Italy: Around 150 Roma in Naples Again at Risk Forced Eviction & Homelessness

14 July 2017

Naples, Budapest 14 July 2017: Amnesty International and the European Roma Rights Centre are urgently calling on the Naples local authorities to take all necessary measures and prevent the forced eviction of around 150 Romani adults and children and ensure they are not rendered homeless or vulnerable to other human rights violations. This would be the second forced eviction these families experience within the last three months and they would yet again be left in a situation of complete destitution, increasing their vulnerability and exacerbating their living conditions.

The news of the possible forced eviction comes as the College of European Commissioners wasted another opportunity to address, during their monthly meeting on 12 July, the systemic discrimination and segregation Roma face in relation to housing in Italy. This despite the fact that the European Commission has had a full casefile on this matter ready since early 2016. For years, international and national human rights organisations have repeatedly submitted extensive evidence and urged the European Commission to address the systemic human rights abuses Roma face in Italy and initiate infringement proceedings against the country for violation of EU law.

The approximately 150 Roma are now at risk of forced eviction, from a disused factory, privately owned, where they sought shelter in the last few weeks. The families are among the hundreds of Roma who were forcibly evicted on 7 April from the informal settlement of Gianturco and left without a roof over their head.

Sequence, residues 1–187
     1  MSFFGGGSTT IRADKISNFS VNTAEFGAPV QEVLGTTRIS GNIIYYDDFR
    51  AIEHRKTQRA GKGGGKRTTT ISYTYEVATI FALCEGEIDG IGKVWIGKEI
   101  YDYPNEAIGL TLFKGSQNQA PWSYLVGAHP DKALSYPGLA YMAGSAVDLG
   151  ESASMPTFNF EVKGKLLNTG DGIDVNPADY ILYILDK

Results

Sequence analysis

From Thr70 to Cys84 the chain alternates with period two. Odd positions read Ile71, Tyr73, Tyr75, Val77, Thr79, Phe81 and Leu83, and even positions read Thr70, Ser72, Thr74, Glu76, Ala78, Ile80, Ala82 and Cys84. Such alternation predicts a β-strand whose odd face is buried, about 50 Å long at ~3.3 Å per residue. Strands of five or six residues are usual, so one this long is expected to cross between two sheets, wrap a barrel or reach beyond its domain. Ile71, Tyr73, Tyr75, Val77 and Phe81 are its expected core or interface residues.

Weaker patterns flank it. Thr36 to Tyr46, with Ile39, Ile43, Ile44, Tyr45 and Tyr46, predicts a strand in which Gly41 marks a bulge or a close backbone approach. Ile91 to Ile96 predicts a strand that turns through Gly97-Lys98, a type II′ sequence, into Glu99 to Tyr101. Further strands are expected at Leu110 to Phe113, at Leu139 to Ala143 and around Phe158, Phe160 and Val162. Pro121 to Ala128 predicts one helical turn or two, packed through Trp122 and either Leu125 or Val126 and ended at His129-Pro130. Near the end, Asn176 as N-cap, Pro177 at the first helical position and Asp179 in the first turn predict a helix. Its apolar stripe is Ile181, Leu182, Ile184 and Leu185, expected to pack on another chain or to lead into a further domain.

After weeks of sleeping rough, in parks and cars, or seeking temporary accommodation with friends and relatives, approximately a month ago, the families entered the premises of a former tobacco factory, not far from where once the informal settlement of Gianturco was. The factory has been in disuse for a few years and it provides only a basic shelter to the families, who constructed barracks inside the factory’s halls. No services are available such as water, sanitation, electricity and families are forced to collect water from a public fountain or buy it for cooking, washing and other needs.

Amnesty International and the European Roma Rights Centre visited the area on 21 June and spoke to the affected families. One of the residents said: “After Gianturco, we have been on the streets for days, we slept outside with our children, in cars sometimes. We had no place to go, we did not know where to go. Then we saw this courtyard and we entered… We slowly started building barracks, one for each family, so that everybody has a place to stay…The police came here… we explained to them that we have no place to go, that we were left homeless after Gianturco [forced eviction]… A few days ago an engineer came and placed the placards on the building [“danger of collapse”]. If they evict us from here, where do we go? Again on the street?... If we cannot stay here, at least the municipality could give us a piece of land, and we could build something, rather than sleeping on the streets?”

According to testimonies from the families, the police have repeatedly told the residents to leave the premises of the disused factory. During the Saturday 8 July visit, the police produced a document and claimed it was an eviction ordinance. This proved to be untrue when activists and residents went to the police station and requested a copy of the mentioned ordinance. On 11 July, police representatives returned to the factory and presented the families with another document in which it was stated that the private owner of the disused factory had to secure the area as well as refurbish the factory. At the same time the document stated that the people living inside the factory must be evicted by public authorities due to its unsafe conditions.